New York’s Strongest Rescue Trashed Kitten


 He’s got eight lives left. A 10-week-old kitten was spared a horrible demise thanks to some of New York’s Strongest with the softest hearts.

Local Department of Sanitation workers, John Kase and Willie Montero, assigned to Rockaway’s Q14 garage, were on their regular route in Broad Channel when they picked up a bag among a heap of trash on Cross Bay Boulevard that made an unusual noise. “I started throwing the bags in the truck and my partner, John, walked back to help me when I heard a meow. I said to myself ‘I hope that’s a toy,’” Montero told The Rockaway Times.

Montero says there are occasions where they’ll hear an animal noise, only to find a stuffed animal in the trash. Unfortunately, in this instance, their worst fears were confirmed as they pulled the bag back out of the back of the truck before they cycled it. That meow had a very real voice. Inside the tied and duct-taped trash bag was a live kitten.

Kase and Montero were shocked that someone could throw out a kitten, but they quickly took action to make sure it had a better end to its story. “It turned into ‘how could anyone do something like this’ to ‘how can we help this cat?” Montero said.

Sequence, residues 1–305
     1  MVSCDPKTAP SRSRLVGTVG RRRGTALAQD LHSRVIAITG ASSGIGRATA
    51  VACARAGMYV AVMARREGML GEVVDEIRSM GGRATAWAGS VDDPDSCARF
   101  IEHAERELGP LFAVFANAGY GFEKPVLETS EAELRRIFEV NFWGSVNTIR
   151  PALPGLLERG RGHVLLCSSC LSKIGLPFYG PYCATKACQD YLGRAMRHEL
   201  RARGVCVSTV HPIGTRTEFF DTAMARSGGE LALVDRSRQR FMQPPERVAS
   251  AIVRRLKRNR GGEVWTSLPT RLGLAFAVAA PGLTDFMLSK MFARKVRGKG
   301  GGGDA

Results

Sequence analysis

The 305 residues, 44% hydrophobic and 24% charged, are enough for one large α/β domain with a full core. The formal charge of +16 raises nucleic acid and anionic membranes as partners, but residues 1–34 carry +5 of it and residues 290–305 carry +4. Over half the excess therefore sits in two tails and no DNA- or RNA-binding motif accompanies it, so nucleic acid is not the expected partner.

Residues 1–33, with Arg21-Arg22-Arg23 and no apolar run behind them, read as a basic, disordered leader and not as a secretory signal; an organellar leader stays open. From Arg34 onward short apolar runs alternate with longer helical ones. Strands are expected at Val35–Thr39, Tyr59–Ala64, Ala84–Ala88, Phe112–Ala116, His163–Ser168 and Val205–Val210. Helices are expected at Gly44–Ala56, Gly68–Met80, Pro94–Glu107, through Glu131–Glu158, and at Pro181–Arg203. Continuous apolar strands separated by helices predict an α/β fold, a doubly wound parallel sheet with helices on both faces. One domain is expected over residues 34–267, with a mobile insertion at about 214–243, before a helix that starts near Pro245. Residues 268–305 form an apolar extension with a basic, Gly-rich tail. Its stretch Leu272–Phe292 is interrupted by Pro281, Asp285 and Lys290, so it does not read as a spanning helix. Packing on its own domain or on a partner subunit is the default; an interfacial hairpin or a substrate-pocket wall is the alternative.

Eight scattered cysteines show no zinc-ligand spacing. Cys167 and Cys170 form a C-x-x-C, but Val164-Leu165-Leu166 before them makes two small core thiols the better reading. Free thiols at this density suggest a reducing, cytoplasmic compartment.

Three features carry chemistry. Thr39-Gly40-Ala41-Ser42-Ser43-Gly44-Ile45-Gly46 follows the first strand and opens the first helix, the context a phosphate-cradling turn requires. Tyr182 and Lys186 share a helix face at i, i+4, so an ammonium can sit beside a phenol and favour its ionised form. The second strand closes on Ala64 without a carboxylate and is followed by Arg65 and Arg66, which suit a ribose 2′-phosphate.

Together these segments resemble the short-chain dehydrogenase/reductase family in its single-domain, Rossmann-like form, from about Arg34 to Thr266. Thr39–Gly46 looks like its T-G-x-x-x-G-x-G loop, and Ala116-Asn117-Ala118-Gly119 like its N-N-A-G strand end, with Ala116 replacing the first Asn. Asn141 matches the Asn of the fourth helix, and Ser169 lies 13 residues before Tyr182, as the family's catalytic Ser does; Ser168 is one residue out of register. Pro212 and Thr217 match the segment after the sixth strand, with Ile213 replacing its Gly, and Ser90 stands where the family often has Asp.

They put the young cat in a box and brought it along for the ride, but quickly found this cat wanted no part of being contained as it climbed right up on to Kase’s chest. The kitten quickly earned a name—Hopper—named after the part of the truck they throw trash into. Kase held on to Hopper as they went along their route and notified their supervisor. Supervisor Charlie Herbert notified Noah’s Ark Animal Rescue, which referred him to Rockaway Beach Vet Services to bring the kitten to be evaluated.

Herbert dropped off the kitten at the vet, where it was treated for an upper respiratory infection, but overall, Hopper is doing just fine and is ready to go to a good home. Applications are now being accepted at

Montero and Kase, both animal lovers, say they were just doing the right thing and they’re glad it didn’t turn out worse. “I’m just happy I could be a human and do the right thing. I think it’s what any human being would do in that scenario. I’m just happy I heard him before I cycled the truck and crushed him,” Montero said.

In his 18 years on the job, Montero says this is the second time he’s found a live animal in the trash. He says about two years ago, he and his work partner were picking up bulk items at an apartment complex in the winter, when they found a bin with a box of kittens that were just a few days old. In that instance, they also brought the kittens to Rockaway Beach Vet Services.

While these stories had a good ending, Montero hopes people will stop this act of throwing out animals. “It’s just cruel. I don’t believe in animal cruelty,” he said.

 By Katie McFadden

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